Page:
On Instagram, it looks like everyone is living their best life, from the seductive thirst traps to the heart-warming baby snaps. But is anyone really as #lucky as their feed suggests? This is the question Dawn O'Porter tackles in her new novel - the latest title to take readers behind the Instagram filter, in what is turning out to be one of 2019's biggest literary trends.
So Lucky tells the stories of three very different women. There's Lauren, an influencer whom we encounter primarily through her Instagram posts. O'Porter details her photos and the comments from followers, with a fairly even split between the gushing fans ("you are such an inspiration to me") and the trolls (oh my f***ing god, when will you actually shut the f*** up you vain vacuous asshole"). We see Lauren promoting green smoothies, taking a bubble bath and opening up about her #anxiety, as well as teasing her upcoming wedding to millionaire businessman Gavin.
We catch glimpses of the unfiltered Lauren through her interactions with the two narrators, Ruby and Beth. Ruby is a single mam with a deep shame over her body and great ambivalence about motherhood. As in her previous novel The Cows, O'Porter is frank about the pressures of parenting, and here, Ruby struggles to bond with her young daughter. She also struggles with her job as a photo editor, heavily retouching images for leading fashion magazines. "My job and my moral compass battle with each other every day. I know how much a negative body image can ruin a woman's life, and here I am perpetuating the problem and giving that complex to millions of other women every single day," she reflects. Her next gig? The photos for Lauren's big day.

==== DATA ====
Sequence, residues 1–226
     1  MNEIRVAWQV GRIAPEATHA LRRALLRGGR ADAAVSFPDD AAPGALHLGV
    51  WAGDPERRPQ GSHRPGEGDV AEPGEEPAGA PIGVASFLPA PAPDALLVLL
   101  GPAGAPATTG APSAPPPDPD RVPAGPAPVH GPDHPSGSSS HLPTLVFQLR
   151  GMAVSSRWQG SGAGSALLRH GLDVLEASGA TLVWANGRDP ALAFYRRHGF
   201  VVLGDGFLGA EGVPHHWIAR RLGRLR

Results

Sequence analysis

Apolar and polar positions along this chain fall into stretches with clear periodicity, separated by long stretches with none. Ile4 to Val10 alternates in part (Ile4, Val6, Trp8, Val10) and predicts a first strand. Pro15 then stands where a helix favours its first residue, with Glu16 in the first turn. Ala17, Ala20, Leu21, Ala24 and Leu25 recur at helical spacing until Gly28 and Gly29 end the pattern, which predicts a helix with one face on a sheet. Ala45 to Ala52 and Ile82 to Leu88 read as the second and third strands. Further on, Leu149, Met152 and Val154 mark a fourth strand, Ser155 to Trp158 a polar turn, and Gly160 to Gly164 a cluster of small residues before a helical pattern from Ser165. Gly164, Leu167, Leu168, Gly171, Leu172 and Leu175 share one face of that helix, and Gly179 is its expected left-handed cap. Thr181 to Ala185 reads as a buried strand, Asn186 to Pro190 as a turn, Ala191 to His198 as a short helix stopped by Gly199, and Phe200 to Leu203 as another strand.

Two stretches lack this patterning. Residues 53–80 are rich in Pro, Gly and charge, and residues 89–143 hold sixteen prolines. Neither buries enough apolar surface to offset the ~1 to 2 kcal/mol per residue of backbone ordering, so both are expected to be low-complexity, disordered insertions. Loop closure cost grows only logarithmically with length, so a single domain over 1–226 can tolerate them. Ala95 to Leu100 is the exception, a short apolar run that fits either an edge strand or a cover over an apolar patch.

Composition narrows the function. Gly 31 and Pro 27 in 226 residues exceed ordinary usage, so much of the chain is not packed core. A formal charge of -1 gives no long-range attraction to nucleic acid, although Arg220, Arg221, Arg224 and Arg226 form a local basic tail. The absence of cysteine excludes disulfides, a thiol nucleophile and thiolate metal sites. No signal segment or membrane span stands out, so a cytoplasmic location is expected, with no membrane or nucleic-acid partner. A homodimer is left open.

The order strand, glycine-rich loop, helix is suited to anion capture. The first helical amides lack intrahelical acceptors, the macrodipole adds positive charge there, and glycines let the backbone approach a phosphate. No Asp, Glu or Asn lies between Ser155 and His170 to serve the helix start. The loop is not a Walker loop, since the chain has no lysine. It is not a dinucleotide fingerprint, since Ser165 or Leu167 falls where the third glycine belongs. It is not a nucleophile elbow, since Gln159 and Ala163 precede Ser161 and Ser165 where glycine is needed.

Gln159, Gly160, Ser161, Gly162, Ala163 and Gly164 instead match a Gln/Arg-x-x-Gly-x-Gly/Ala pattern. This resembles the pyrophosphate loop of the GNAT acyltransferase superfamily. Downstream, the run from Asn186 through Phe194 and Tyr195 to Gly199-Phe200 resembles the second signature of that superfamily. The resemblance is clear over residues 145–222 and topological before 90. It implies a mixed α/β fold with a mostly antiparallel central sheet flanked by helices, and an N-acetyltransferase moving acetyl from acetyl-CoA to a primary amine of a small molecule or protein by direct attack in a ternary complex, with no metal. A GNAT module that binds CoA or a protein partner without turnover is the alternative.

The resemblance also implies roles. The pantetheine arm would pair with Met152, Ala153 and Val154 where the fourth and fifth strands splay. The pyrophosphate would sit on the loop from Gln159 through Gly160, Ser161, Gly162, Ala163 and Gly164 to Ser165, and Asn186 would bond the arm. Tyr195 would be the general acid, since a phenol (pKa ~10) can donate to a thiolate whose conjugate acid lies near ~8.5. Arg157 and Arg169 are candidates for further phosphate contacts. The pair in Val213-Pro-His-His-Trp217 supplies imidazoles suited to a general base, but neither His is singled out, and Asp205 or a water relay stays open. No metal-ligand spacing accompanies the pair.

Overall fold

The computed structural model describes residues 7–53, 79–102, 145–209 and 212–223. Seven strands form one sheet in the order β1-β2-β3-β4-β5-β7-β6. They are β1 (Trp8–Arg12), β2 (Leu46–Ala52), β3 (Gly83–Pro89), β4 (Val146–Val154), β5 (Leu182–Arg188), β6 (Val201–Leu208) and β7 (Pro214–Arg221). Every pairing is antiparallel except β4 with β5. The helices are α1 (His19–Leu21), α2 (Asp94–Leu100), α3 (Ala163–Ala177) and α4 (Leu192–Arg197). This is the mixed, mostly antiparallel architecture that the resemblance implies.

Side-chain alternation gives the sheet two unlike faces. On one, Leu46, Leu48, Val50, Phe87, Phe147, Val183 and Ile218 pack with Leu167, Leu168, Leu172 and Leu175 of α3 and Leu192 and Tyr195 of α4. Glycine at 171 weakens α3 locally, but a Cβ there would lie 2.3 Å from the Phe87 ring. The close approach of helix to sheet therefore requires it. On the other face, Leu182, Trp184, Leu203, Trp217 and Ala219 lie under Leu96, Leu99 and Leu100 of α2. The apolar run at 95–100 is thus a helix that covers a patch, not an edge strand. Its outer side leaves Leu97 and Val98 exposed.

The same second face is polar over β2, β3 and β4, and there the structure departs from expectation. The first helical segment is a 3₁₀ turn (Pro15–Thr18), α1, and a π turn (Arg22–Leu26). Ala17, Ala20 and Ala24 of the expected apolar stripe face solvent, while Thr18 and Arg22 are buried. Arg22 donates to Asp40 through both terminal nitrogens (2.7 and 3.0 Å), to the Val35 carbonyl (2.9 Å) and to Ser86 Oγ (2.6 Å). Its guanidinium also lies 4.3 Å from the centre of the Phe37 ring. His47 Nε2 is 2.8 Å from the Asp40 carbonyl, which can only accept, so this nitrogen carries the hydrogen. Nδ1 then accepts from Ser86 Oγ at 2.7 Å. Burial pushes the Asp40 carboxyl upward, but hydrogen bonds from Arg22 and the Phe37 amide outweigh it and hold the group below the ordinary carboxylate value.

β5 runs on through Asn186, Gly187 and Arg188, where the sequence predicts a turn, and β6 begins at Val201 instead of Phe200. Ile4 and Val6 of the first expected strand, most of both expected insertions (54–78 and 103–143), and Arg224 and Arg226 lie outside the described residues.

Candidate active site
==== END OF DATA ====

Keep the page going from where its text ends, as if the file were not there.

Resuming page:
Beth, meanwhile, is Lauren's wedding planner, and is frequently told how "lucky" she is to be a powerhouse "girl boss" with an ostensibly kind, caring husband who has taken extended paternity leave to care for their four-month-old son so that Beth can return to work. Her 26-year-old assistant, Risky (who is described as giving "a masterclass in how to be a millennial"), frequently sighs with envy over Beth's life - when she's not preaching about her feminism podcast or shamelessly masturbating in the office toilets.
But to Beth, Risky is the lucky one, hopping into bed with a different man every week, while Beth hasn't had sex in more than a year. To quell her libido, she takes a foray into the world of dogging. It's daring, even shocking, yet O'Porter's attempt to explain Beth's sexuality by tossing in a story about a past relationship at the last minute feels clumsy and unnecessary, and she never quite convinces us why Beth would marry such a hopelessly awful man in the first place.
Ruby's complex issues with body image, however, present a distressing and fascinating read, as she rails against the breathless pursuit of female "empowerment". "Everyone's talking about 'women supporting women' and 'the power of female friendship'," she observes. "It's enough to make me stop reading the papers."
Ultimately, though, So Lucky is about the power of women supporting women. "Together we can get through anything," Beth notes, following a too-convenient ending that brings them all together for a last blast of "girl power", albeit with an unconventional twist.
The closing section, which asks "Who are you?" and provides a few blank lines for readers to fill out their response, is a bit trite, but So Lucky otherwise feels raw and very relevant in today's image-obsessed culture. It's a bold, confident novel, with plenty of raunchy humour. If you've ever felt like you're flailing while everyone else is flourishing, this is the book for you.